What if it were merely turning about its own axis? :smile:

If you centred a scope on Earth, the sun could be seen to revolve around it...

I don't think your friend really understands that a rotating FoR is an accelerating FoR.
 
  • #12
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I got into an argument with someone over earth revolving around the sun vs sun revolving around the earth. He stated that there are reference points within the universe where the sun appears to revolve around the earth that are NOT on the surface of the earth. I conceded that perhaps a point in geosynchronous orbit would appear to have the earth revolving around it and the sun revolving around the earth. I then stated that you would be accelerating though in this orbit. He stated that there are 'fixed' points where you would not be accelerating and that the sun would be seen revolving around the earth. Is he correct?
Look. This whole question is philosophical not physics. The question of what "revolves around" what requires that one know for certain that one of the items in question is in a truly fixed reference frame. If one item is fixed then the other one is clearly revolving around it. Your friend claims that there are some "fixed" points in the universe. So how exactly does he know this? Presumably he is claiming to know where the "fixed point" (stationary frame) of the universe is located. He can't know this. To know where the fixed point of the universe is one would have to be God and have knowledge of what is OUTSIDE the universe that it can be referenced to. This is all nonsense. Therefore in physics all frames are considered of equal validity. One can fix a frame to the earth and claim that all things revolve around it, (as was done for so many years in the past) but how would one know if the earth itself (and that attached frame) is hurtling through "all that is" or not? One can't. So it's a test of faith. OK?
 
  • #13
sophiecentaur
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Well, you sure are passionate about your celestial mechanics, aren't you? :wink:
I try to be precise! (Near enough for Jazz)
 
  • #14
DaveC426913
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I try to be precise! (Near enough for Jazz)
I was poking fun at your cussing.
 
  • #15
DaveC426913
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Look. This whole question is philosophical not physics. The question of what "revolves around" what requires that one know for certain that one of the items in question is in a truly fixed reference frame. If one item is fixed then the other one is clearly revolving around it. Your friend claims that there are some "fixed" points in the universe. So how exactly does he know this? Presumably he is claiming to know where the "fixed point" (stationary frame) of the universe is located. He can't know this. To know where the fixed point of the universe is one would have to be God and have knowledge of what is OUTSIDE the universe that it can be referenced to. This is all nonsense. Therefore in physics all frames are considered of equal validity. One can fix a frame to the earth and claim that all things revolve around it, (as was done for so many years in the past) but how would one know if the earth itself (and that attached frame) is hurtling through "all that is" or not? One can't. So it's a test of faith. OK?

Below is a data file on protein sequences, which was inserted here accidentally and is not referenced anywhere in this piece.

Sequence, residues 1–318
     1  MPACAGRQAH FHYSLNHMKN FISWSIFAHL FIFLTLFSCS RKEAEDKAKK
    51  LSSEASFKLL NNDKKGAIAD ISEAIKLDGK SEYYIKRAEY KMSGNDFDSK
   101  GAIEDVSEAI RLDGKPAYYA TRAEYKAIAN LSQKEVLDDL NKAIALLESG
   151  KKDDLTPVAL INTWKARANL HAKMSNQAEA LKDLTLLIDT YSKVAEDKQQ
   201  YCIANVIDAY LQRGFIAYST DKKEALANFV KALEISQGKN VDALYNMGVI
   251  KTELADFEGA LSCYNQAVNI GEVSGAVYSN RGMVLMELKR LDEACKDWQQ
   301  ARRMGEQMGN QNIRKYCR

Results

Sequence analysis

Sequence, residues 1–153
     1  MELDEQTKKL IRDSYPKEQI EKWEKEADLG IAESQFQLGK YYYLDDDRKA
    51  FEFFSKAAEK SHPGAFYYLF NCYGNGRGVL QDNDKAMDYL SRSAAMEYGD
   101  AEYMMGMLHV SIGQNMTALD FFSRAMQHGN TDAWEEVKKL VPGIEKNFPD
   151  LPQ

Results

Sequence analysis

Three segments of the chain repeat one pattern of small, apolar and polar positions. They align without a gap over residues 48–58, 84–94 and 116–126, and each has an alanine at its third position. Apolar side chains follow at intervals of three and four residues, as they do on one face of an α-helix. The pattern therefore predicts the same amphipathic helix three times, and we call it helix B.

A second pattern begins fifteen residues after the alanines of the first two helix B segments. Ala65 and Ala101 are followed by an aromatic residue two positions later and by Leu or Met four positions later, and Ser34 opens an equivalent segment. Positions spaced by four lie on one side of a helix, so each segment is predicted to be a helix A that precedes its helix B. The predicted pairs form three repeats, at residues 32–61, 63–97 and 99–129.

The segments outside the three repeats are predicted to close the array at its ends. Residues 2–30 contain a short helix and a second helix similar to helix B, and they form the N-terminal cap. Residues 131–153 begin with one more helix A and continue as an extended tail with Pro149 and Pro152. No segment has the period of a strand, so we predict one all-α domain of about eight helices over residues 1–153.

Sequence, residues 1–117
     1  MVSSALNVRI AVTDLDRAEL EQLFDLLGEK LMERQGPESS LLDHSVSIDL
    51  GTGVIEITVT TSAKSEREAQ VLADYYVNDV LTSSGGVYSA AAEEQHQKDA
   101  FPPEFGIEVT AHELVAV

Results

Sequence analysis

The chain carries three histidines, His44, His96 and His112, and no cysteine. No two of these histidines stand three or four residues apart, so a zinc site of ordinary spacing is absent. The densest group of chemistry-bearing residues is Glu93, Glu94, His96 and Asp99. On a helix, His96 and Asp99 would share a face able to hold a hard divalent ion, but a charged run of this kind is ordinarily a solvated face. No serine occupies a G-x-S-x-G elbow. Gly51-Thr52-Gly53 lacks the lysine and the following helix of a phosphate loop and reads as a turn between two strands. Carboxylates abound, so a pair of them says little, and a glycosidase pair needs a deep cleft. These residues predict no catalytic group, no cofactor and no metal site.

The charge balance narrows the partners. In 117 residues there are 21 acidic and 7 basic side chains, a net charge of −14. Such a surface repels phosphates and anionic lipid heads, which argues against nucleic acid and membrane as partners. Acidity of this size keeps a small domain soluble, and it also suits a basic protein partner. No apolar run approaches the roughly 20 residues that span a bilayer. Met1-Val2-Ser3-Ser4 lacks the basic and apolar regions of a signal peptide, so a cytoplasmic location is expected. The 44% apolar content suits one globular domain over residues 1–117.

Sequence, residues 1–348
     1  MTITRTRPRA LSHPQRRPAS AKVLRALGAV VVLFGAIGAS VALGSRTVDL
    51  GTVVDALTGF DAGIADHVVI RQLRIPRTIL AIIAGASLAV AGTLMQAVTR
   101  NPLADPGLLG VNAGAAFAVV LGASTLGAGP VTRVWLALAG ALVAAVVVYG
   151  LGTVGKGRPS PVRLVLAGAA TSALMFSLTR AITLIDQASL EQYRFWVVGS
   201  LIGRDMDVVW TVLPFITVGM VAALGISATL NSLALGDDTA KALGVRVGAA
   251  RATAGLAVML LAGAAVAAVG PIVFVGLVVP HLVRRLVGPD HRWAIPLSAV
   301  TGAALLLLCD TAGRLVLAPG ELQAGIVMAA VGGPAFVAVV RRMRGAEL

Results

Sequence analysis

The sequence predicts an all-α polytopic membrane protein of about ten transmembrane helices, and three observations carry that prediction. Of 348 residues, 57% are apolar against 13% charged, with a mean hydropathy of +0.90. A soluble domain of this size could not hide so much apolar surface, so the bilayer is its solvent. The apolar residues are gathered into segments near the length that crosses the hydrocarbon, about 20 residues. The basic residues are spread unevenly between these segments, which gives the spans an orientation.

I don't really think that's what this is about.
 
  • #16
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No, I think this is what this is about, in a sense. Okay, so if in only one reference frame (earth-centered) it can be said that the sun revolves around the earth and every other reference frame off the planet disagrees, then both claims are equally correct?
 
  • #17
sophiecentaur
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No, I think this is what this is about, in a sense. Okay, so if in only one reference frame (earth-centered) it can be said that the sun revolves around the earth and every other reference frame off the planet disagrees, then both claims are equally correct?
You could take it one step further and say that the Earth doesn't even rotate but the whole Universe goes around us. After all, we are the most important thing in 'Creation', so why should we expect to be moving?

No one expects the Spanish Inquisition!
 
  • #18
i think mb it might appear as iff the sun is revolving around the earth if u were standing on the sun, like as if a mach truck speeds by u at a constant speed it seems like your vehicle is going backwards
 
  • #19
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I understand from the other posters that general relativity would permit the assumption that the earth is stationary (not rotating or revolving, nothing) and the puzzle pieces would still fit. However, wouldn't this require very distant objects (stars, etc) to revolve around the earth at a velocity exceeding that of light? How can everything then fit together?